Beyond the Beauty
Say the word Belize and many people think of unbelievably clear blue water and diving along a protected reef rich with brilliant sea life. Amen! But theres so much more. Some call a visit to Belize a walk through the Garden of Eden with its twisting jungle trails overhung with exotic vines, orchids, and bromeliads. The air is alive with the calls of toucans and parrots, and theres always a chance to see myriad animals from the regal jaguar to the roaring howler monkey. Magnificent waterfalls cut through stone mountains with multitudes of caves all around the country. Many visitors are eager to explore mysterious Mayan ruins whose deserted temples and ball courts whisper the names of rulers long past. Belize is home to a polyglot of people who have maintained a variety of traditions and cultures for hundreds of years. So far this isolated country has not paved over natures wonders. Generally speaking, Belize is ecotourism in action.
What, exactly, is ecotourism?
Well, it depends on whom you ask. It can be anything from a walk around the Belize Zoo, to camping in the jungle, to participation in hard-core scientific fieldwork. The general concept is easy to understand. Fundamentally, ecotourism means to visit a place making as little environmental impact as possible while helping sustain the indigenous populace, thereby encouraging the preservation of scarce wildlife and habitat.
One promising step in that direction has been the rise of ecology-minded organizations such as the Belize Eco-tourism Association and its code of ethics, and the Toledo Eco-Tourism Association with its Village Guesthouse Program. Others involved with educating as well as preserving include the Belize Zoo and Tropical Education Center, Community Baboon Sanctuary at Bermudan Landing, Program for Belize with its Rio Bravo Conservation and Management Area, the Sea Turtle Sanctuary on Ambergris Aye, and Slate Creek Preserve in the Kayo District. Along with the government, these organizations are among those spearheading responsible tourism development and environmental protection.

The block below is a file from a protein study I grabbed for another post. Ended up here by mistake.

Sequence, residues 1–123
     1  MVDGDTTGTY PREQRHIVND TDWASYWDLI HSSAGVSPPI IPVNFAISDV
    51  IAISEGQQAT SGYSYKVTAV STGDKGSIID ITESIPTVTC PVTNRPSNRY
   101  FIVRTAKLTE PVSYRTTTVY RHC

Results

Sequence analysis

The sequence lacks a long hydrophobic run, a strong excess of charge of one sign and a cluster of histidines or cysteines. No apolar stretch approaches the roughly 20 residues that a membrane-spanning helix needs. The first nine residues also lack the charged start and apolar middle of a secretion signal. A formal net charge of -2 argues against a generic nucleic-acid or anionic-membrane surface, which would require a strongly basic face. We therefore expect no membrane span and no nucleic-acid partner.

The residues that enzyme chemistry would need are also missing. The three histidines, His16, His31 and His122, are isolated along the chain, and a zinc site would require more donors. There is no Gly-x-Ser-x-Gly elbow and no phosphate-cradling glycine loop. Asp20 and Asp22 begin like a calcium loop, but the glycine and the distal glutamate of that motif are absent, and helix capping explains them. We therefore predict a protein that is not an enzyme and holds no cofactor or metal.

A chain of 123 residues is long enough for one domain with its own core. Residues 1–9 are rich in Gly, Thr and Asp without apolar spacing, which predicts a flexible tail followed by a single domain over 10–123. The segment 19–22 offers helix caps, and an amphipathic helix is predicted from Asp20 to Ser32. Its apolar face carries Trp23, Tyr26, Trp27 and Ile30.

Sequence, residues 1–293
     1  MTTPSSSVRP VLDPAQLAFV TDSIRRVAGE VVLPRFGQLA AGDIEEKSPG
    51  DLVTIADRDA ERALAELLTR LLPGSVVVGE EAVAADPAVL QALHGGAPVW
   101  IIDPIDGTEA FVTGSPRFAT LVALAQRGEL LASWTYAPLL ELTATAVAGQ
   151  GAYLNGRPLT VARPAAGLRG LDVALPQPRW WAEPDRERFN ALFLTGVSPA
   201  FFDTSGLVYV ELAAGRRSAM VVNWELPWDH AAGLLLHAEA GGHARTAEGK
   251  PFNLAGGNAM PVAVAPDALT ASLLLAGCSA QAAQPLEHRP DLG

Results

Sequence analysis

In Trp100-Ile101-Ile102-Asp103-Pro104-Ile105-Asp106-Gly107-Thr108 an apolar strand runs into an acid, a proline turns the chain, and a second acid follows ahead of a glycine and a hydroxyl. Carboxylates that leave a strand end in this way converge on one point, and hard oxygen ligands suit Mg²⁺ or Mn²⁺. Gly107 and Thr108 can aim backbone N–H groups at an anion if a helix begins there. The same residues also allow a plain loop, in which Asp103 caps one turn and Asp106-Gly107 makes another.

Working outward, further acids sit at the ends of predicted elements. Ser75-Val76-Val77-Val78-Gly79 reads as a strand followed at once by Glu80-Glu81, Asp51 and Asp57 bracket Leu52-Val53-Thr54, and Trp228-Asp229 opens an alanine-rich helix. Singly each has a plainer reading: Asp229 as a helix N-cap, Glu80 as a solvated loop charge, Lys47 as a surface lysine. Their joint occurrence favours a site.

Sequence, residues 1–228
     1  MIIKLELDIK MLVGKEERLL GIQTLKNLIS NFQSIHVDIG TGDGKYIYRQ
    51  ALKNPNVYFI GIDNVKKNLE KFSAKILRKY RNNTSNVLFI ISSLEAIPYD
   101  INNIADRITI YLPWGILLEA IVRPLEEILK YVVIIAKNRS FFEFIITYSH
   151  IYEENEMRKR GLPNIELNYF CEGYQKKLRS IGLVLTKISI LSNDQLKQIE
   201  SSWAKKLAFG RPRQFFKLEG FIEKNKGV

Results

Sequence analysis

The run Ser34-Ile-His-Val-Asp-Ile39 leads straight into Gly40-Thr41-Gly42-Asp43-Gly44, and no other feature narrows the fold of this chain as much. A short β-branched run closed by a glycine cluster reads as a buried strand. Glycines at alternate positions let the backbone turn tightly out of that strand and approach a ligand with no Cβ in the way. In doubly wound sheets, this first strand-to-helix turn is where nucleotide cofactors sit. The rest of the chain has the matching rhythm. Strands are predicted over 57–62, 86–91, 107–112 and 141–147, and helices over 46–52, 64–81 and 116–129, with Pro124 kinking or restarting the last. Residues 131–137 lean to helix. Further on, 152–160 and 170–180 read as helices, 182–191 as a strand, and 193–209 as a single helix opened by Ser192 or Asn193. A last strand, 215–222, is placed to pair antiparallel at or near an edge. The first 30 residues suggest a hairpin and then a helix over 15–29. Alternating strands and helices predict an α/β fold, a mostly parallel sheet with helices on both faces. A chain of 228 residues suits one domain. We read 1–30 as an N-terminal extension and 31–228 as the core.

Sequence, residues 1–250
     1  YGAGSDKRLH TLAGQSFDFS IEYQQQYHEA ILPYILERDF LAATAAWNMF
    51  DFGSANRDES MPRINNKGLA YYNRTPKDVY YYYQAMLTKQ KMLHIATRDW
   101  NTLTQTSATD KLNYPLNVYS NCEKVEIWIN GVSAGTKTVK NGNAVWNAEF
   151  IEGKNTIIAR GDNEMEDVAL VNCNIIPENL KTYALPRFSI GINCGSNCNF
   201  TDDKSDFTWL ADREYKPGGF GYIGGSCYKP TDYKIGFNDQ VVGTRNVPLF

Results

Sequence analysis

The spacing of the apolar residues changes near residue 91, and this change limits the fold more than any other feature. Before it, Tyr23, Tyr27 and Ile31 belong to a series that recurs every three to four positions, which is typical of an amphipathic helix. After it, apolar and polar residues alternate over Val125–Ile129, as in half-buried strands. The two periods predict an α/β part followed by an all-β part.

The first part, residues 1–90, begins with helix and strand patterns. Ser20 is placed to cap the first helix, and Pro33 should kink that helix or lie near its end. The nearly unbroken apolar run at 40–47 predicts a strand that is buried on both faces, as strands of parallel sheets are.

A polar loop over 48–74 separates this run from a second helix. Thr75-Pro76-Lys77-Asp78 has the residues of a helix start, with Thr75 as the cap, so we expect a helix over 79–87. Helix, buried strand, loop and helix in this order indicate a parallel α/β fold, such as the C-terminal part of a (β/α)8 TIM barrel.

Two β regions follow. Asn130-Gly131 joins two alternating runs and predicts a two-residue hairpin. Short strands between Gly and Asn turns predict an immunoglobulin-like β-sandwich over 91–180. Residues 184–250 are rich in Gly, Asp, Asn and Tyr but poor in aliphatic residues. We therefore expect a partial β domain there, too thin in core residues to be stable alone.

Can it work? As Belize is seeing, it probably can (provided the government and members of the tourist industry properly appeal to and serve those adventurous travelers who prefer real jungle to the sanitized versions of movies and amusement parks). The government has been involved, largely through the efforts of the great conservation groups in the country. Those in the know maintain and protect flora and fauna in addition to educating both nationals and foreigners about what is endangered, how not to disrupt wildlife habitats, and how to advance resource sustainability. "We seek to keep the government informed of the problems faced in natural resource management and encourage action to be taken in haste," says the Belize Audubon Society.
Details mentioned in this article were accurate at the time of publication
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